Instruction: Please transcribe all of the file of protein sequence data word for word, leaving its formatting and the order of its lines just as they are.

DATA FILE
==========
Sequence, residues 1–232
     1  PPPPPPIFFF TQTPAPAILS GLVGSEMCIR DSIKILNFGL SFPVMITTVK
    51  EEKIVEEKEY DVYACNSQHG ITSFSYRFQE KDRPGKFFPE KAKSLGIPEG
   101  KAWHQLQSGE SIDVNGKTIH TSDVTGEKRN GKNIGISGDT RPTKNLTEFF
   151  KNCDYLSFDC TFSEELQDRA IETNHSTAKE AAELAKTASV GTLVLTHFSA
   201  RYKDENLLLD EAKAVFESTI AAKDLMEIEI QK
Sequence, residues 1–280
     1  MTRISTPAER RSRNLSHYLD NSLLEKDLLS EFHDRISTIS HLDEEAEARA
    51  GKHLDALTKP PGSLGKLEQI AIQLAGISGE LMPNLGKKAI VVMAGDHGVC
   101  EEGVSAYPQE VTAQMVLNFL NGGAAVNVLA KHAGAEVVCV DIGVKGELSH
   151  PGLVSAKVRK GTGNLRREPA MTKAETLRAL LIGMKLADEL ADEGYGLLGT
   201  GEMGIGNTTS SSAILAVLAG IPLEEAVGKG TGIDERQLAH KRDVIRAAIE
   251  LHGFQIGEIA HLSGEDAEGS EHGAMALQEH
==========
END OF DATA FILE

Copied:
Sequence, residues 1–232
     1  PPPPPPIFFF TQTPAPAILS GLVGSEMCIR DSIKILNFGL SFPVMITTVK
    51  EEKIVEEKEY DVYACNSQHG ITSFSYRFQE KDRPGKFFPE KAKSLGIPEG
   101  KAWHQLQSGE SIDVNGKTIH TSDVTGEKRN GKNIGISGDT RPTKNLTEFF
   151  KNCDYLSFDC TFSEELQDRA IETNHSTAKE AAELAKTASV GTLVLTHFSA
   201  RYKDENLLLD EAKAVFESTI AAKDLMEIEI QK
Sequence, residues 1–280
     1  MTRISTPAER RSRNLSHYLD NSLLEKDLLS EFHDRISTIS HLDEEAEARA
    51  GKHLDALTKP PGSLGKLEQI AIQLAGISGE LMPNLGKKAI VVMAGDHGVC
   101  EEGVSAYPQE VTAQMVLNFL NGGAAVNVLA KHAGAEVVCV DIGVKGELSH
   151  PGLVSAKVRK GTGNLRREPA MTKAETLRAL LIGMKLADEL ADEGYGLLGT
   201  GEMGIGNTTS SSAILAVLAG IPLEEAVGKG TGIDERQLAH KRDVIRAAIE
   251  LHGFQIGEIA HLSGEDAEGS EHGAMALQEH